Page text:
Washington, District of Columbia
June 23, 1996
June 23, 1996
June 26, 1996
1.200.1 - 1.200.7
Environmental Engineering Design in Biological Process Engineering
Arthur T. Johnson Biological Resources Engineering/University of Maryland
The Biological Resources Engineering Program at the University of Maryland educates students in the application of engineering to biological systems. The intention of the undergraduate program is to provide a broad and fundamental curriculum with a strong dose of biological sciences in addition to the required engineering science and design 1,2. The program is ABET accredited.
After taking courses in general biology, organic and biochemistry, microbiology, and cell physiology, students may choose three biological science technical elective courses from among a list of hundreds of available courses. Depending on the student's interest, she may choose courses in air pollution, food chemistry, genetics, or kinesiology, for example.
This program is new, only two years old, and the total number of undergraduate students is approximately seventy-five. We anticipate the steady-state undergraduate enrollment to be twice the present number. Although we avoid requiring undergraduate students to choose their ultimate area of specialization, roughly half are interested in environmental engineering, forty percent are interested in medicine or biomedical engineering, and about ten percent are interested in a range of specialties including aquacultural engineering, agricultural engineering, microbial systems, and others.
Two of the major challenges to be met in this program are: 1) to provide a set of courses of sufficient utility to the range of student interests that they will be a useful foundation upon which to specialize further after graduation, either through graduate education or through on-the-job training, and 2) to make each required course contain something of interest to each and every student, no matter what his occupational specialty goal. The first of these challenges has required study, vision, and the establishment of a new set of courses rarely, if at all, seen in somewhat similar curricula. Included in this set are courses such as Biological Response to Environmental Stimuli (a black-box approach to biological input-output relationships), and Control Systems for Biological Engineers (a survey course on control strategies working with or within biological systems).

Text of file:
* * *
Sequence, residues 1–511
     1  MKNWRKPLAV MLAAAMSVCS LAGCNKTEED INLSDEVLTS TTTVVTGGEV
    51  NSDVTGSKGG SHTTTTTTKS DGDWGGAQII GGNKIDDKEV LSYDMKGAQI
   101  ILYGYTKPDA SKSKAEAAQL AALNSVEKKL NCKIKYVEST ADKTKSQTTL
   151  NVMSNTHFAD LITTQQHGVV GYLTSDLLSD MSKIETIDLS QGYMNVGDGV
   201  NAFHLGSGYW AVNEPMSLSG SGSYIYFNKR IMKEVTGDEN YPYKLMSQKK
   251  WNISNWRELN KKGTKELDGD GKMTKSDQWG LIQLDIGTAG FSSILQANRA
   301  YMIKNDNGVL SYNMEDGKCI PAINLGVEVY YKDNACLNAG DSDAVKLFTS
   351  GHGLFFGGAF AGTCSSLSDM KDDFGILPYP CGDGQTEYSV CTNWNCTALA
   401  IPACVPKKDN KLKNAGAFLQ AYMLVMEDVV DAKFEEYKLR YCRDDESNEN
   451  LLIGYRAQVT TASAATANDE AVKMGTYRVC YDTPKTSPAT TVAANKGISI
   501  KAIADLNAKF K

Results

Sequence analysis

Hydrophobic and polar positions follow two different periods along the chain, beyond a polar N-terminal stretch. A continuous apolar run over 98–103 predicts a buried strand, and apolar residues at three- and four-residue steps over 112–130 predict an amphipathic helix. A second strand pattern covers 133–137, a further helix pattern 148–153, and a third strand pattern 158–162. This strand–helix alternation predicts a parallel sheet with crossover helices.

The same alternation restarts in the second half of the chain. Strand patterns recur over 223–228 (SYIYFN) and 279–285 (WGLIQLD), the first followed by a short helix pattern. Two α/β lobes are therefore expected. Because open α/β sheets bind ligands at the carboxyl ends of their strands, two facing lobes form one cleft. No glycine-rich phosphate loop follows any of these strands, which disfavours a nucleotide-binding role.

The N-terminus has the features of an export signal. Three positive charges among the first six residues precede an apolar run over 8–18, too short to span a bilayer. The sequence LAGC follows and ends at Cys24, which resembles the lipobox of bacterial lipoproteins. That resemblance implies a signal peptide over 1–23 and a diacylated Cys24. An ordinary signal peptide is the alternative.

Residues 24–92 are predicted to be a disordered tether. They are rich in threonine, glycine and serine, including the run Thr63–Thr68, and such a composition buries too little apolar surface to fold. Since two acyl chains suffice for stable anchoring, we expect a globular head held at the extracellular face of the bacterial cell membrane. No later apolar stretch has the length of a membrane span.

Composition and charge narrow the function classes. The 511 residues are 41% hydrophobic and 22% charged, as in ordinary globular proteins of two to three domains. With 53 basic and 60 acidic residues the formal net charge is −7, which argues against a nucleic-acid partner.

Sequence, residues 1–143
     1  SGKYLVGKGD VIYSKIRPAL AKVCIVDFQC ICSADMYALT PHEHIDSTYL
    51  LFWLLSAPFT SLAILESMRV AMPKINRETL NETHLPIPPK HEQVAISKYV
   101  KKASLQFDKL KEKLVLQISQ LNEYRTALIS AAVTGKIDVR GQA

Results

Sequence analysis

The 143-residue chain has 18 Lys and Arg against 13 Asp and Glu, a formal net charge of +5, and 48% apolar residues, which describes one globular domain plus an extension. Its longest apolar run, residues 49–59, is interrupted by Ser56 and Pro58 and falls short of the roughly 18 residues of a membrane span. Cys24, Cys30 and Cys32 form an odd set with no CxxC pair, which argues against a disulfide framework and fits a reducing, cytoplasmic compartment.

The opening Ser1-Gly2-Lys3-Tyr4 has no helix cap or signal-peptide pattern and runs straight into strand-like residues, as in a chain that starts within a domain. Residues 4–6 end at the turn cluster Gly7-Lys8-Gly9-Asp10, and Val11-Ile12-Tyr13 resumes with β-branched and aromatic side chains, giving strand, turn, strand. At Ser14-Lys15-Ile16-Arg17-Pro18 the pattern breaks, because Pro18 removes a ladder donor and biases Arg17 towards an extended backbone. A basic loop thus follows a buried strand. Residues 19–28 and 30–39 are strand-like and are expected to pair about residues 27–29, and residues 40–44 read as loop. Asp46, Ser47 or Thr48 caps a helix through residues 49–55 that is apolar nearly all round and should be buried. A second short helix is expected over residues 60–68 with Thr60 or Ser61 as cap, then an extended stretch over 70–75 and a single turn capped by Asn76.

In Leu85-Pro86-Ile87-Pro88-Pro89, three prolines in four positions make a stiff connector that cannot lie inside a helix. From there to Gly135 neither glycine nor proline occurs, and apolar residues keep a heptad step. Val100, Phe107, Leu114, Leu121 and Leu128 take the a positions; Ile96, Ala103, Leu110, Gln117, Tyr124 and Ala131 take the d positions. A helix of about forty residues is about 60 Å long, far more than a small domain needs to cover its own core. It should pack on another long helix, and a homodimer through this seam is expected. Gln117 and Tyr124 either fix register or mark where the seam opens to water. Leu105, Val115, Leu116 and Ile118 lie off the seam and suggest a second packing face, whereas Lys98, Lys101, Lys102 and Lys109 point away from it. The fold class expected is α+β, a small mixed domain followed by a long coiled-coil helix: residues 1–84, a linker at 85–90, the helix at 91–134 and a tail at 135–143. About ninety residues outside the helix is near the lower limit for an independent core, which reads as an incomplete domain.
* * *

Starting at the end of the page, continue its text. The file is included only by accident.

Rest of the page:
Technical material for the Biological Process Engineering course is based on the three transport
1996 ASEE Annual Conference Proceedings
Johnson, A. T. (1996, June), Environmental Engineering Design In Biological Process Engineering Paper presented at 1996 Annual Conference, Washington, District of Columbia. https://peer.asee.org/6037
ASEE holds the copyright on this document. It may be read by the public free of charge. Authors may archive their work on personal websites or in institutional repositories with the following citation: © 1996 American Society for Engineering Education. Other scholars may excerpt or quote from these materials with the same citation. When excerpting or quoting from Conference Proceedings, authors should, in addition to noting the ASEE copyright, list all the original authors and their institutions and name the host city of the conference. - Last updated April 1, 2015